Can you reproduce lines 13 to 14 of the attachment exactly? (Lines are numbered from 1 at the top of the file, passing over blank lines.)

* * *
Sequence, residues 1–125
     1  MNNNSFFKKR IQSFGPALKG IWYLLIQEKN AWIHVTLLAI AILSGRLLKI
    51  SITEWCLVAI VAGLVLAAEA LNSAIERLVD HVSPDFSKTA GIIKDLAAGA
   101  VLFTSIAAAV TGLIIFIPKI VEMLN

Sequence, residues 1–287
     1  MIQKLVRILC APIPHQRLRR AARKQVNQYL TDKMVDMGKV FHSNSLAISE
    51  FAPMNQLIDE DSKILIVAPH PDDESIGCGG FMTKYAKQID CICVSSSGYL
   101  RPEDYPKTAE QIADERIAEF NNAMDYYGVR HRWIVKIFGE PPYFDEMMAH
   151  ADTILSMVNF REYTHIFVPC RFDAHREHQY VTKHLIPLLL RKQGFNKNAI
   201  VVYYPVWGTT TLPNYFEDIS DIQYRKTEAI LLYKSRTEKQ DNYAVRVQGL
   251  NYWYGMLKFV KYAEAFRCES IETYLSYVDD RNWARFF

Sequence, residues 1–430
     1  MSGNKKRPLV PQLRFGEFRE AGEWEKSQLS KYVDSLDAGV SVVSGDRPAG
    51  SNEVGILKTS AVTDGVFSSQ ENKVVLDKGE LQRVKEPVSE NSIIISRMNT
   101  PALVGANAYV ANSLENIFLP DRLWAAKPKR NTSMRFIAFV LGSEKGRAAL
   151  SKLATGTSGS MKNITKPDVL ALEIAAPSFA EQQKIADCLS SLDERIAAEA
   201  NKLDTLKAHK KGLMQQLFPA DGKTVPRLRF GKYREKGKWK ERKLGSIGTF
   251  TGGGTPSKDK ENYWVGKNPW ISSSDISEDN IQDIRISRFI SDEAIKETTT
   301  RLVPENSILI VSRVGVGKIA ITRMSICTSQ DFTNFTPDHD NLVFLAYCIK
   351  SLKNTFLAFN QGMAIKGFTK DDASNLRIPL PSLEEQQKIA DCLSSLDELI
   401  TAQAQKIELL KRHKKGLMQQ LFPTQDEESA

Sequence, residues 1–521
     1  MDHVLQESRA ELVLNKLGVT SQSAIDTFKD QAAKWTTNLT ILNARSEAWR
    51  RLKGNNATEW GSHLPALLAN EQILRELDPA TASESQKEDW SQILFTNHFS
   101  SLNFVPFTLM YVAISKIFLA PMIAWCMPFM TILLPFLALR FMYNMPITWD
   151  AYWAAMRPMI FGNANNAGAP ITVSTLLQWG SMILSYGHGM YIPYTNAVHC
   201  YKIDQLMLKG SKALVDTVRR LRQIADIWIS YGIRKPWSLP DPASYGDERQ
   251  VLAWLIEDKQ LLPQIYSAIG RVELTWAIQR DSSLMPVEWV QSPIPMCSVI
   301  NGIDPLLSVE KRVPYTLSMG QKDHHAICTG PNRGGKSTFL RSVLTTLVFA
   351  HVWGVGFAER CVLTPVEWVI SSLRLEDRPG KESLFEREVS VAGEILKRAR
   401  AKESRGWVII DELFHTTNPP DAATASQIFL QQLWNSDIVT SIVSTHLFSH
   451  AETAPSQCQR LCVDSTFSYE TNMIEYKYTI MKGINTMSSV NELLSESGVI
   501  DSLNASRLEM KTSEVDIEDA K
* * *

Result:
     1  MSGNKKRPLV PQLRFGEFRE AGEWEKSQLS KYVDSLDAGV SVVSGDRPAG
    51  SNEVGILKTS AVTDGVFSSQ ENKVVLDKGE LQRVKEPVSE NSIIISRMNT